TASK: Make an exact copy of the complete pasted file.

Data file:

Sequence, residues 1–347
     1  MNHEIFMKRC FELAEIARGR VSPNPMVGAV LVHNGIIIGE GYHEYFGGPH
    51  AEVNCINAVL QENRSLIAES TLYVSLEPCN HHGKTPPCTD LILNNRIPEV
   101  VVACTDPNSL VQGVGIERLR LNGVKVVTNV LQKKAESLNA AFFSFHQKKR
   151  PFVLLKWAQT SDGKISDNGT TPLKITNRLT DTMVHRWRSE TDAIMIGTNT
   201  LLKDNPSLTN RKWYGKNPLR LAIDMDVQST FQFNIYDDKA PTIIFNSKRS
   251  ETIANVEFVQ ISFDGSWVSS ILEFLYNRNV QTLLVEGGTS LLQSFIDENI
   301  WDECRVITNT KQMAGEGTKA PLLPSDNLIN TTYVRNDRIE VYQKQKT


Sequence, residues 1–347
     1  MNHEIFMKRC FELAEIARGR VSPNPMVGAV LVHNGIIIGE GYHEYFGGPH
    51  AEVNCINAVL QENRSLIAES TLYVSLEPCN HHGKTPPCTD LILNNRIPEV
   101  VVACTDPNSL VQGVGIERLR LNGVKVVTNV LQKKAESLNA AFFSFHQKKR
   151  PFVLLKWAQT SDGKISDNGT TPLKITNRLT DTMVHRWRSE TDAIMIGTNT
   201  LLKDNPSLTN RKWYGKNPLR LAIDMDVQST FQFNIYDDKA PTIIFNSKRS
   251  ETIANVEFVQ ISFDGSWVSS ILEFLYNRNV QTLLVEGGTS LLQSFIDENI
   301  WDECRVITNT KQMAGEGTKA PLLPSDNLIN TTYVRNDRIE VYQKQKT